Recently the Federal Trade Commission went after the makers of the Q-Ray Ionized Bracelet for their claims that their device was a cure for chronic pain. Last week Seventh Circuit judge Frank Easterbrook handed down his opinion on the company’s appeal, writing that the company was guilty of fraud and ordering them to pay 16 million dollars in fines. One of the key points for the company’s defense was that the Q-Ray Ionized Bracelet is legit because it exhibits the placebo effect. Judge Easterbrook was not impressed with this argument, writing:
“Like a sugar pill it alleviates symptoms even though there is no apparent medical reason. Since the placebo effect can be obtained from sugar pills, charging $200 for a device that is represented as a miracle cure but works no better than a dummy pill is a form of fraud.”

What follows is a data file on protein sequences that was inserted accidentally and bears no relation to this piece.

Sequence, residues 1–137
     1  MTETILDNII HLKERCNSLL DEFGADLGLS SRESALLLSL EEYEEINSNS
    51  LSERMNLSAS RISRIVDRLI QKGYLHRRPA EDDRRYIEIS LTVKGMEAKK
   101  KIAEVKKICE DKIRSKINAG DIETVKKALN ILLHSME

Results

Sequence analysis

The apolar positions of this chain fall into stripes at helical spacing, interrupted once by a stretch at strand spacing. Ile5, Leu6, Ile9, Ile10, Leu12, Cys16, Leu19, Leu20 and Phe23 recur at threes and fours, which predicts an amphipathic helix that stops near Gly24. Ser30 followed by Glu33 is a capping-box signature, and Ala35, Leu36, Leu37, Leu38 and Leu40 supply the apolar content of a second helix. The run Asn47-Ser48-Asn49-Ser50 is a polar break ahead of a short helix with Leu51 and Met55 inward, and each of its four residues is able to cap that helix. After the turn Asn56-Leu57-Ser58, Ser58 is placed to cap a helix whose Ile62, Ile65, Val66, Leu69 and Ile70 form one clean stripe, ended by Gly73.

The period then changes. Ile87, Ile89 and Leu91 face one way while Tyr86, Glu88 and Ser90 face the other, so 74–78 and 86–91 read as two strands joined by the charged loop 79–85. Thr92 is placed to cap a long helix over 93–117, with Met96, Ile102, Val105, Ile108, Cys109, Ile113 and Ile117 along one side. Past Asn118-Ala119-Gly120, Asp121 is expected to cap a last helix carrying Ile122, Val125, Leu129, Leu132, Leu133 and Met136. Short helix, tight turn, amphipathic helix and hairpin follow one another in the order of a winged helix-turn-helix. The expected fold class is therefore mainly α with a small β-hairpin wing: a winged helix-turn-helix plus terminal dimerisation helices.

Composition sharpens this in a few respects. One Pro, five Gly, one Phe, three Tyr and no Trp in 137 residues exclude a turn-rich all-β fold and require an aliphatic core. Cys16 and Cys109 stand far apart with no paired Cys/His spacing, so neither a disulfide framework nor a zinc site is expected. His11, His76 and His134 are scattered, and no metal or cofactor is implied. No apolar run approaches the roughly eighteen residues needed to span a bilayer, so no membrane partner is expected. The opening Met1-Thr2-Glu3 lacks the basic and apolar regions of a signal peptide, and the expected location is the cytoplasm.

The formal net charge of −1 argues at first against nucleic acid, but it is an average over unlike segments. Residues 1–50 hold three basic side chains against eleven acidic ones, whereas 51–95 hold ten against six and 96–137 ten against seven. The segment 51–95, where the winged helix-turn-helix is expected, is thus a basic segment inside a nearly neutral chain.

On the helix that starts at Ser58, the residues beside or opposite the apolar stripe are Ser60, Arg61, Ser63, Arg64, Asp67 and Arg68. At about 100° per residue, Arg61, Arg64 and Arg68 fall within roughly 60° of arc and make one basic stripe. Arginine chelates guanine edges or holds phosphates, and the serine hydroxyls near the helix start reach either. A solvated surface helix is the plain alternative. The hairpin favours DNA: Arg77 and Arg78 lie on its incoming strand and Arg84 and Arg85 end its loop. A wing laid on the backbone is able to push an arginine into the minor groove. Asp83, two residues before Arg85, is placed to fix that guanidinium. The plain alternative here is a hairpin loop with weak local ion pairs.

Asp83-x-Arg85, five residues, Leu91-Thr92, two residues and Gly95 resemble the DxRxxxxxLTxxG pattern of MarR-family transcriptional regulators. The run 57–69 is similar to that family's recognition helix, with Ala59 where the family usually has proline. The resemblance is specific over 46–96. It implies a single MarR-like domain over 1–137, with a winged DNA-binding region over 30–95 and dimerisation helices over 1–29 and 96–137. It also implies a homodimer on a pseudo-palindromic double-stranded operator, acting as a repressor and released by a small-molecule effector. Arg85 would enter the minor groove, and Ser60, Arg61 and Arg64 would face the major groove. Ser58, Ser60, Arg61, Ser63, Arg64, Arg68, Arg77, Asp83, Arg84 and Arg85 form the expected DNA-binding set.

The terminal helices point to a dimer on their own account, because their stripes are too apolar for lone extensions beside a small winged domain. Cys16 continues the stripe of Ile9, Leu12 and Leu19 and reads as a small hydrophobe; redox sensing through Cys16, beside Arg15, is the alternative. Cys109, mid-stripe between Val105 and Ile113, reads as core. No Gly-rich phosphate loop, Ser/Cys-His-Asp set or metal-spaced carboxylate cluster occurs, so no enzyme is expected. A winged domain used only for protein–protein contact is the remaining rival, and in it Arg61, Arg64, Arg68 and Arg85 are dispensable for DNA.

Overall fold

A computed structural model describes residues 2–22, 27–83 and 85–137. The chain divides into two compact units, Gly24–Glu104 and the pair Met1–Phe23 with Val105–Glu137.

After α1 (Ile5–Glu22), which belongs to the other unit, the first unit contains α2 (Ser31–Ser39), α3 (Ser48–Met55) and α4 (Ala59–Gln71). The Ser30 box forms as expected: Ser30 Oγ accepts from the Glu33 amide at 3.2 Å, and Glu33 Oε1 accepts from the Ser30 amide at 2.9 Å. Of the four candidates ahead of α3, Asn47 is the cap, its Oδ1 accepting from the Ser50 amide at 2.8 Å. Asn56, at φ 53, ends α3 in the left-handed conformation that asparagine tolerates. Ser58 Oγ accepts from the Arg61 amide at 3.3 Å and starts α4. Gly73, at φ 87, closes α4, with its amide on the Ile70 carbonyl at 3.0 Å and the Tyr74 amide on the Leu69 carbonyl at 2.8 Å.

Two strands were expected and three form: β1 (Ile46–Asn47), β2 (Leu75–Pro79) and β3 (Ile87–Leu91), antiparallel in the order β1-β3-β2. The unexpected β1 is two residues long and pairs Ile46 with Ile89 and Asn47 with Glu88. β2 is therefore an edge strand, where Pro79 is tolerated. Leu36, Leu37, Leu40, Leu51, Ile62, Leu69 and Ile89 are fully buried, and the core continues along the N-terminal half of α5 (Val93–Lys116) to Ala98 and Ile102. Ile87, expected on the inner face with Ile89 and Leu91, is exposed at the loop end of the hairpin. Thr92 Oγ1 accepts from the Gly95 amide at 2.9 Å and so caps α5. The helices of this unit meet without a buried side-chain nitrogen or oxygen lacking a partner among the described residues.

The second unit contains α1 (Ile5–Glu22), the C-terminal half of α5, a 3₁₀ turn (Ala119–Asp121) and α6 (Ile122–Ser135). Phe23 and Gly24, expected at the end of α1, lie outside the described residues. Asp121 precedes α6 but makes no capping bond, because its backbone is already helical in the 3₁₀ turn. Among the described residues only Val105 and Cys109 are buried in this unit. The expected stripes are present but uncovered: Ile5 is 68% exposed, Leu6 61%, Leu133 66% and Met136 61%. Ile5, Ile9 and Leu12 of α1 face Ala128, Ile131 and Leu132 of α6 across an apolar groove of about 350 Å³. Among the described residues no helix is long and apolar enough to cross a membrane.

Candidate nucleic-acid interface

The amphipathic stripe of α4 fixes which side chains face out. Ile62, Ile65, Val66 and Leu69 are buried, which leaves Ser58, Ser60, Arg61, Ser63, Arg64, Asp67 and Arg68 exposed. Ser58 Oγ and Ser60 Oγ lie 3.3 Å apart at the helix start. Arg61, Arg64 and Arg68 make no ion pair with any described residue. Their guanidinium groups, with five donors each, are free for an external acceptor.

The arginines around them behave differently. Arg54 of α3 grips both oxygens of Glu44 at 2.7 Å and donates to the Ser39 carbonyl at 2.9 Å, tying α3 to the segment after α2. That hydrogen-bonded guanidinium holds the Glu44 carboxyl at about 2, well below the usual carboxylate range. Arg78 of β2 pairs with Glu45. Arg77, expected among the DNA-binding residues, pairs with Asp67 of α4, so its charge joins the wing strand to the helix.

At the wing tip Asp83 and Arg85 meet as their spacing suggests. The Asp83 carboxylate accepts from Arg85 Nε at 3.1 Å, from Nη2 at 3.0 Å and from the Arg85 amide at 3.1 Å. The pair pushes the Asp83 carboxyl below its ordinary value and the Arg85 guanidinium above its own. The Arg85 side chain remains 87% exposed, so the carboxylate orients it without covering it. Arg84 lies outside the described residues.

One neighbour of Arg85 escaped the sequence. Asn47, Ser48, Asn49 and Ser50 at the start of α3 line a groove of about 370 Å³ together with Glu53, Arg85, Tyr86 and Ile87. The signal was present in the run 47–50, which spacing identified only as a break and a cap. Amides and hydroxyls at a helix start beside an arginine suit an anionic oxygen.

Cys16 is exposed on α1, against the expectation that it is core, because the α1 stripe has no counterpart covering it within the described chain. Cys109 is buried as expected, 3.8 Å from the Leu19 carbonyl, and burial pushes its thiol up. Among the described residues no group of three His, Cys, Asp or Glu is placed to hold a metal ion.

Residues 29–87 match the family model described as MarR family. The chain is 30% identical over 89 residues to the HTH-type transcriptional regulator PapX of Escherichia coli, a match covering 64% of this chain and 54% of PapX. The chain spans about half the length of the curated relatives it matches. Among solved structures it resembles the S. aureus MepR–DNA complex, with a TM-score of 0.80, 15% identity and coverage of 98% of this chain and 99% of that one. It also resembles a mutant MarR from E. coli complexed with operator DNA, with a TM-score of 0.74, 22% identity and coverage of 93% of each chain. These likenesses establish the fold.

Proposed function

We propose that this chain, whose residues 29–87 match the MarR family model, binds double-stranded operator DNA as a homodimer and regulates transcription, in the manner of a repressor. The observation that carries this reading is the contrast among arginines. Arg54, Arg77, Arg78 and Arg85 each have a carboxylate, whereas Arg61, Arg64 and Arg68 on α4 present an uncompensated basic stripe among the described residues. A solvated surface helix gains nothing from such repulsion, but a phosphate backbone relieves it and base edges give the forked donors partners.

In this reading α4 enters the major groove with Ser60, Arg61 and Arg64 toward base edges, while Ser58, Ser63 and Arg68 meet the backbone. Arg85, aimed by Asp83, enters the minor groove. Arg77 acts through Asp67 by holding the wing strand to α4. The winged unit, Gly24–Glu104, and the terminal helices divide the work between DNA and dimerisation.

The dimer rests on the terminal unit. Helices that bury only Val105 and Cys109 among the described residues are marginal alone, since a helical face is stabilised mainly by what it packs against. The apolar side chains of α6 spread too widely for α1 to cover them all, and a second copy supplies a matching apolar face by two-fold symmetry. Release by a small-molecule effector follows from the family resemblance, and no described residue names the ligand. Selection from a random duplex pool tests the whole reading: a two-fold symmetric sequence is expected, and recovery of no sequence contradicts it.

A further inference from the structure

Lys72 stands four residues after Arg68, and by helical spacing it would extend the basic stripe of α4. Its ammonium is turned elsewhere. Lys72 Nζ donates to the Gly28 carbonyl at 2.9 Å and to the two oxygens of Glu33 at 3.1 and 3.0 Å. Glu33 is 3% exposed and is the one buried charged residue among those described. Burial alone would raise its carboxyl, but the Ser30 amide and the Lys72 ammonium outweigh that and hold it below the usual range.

This decision creates an interesting precedent, since there are a large number of fanciful treatments that do not have any “apparent medical” mechanism and that are claimed by its proponents to work through a placebo effect. In my experience the placebo effect, briefly defined as a measurable response to an inert treatment, is almost completely misunderstood by the public – a fact that is exploited by purveyors of dubious treatments such as the Q-ray. Already in the comments of this blog there has been discussion over the nature of the placebo effect.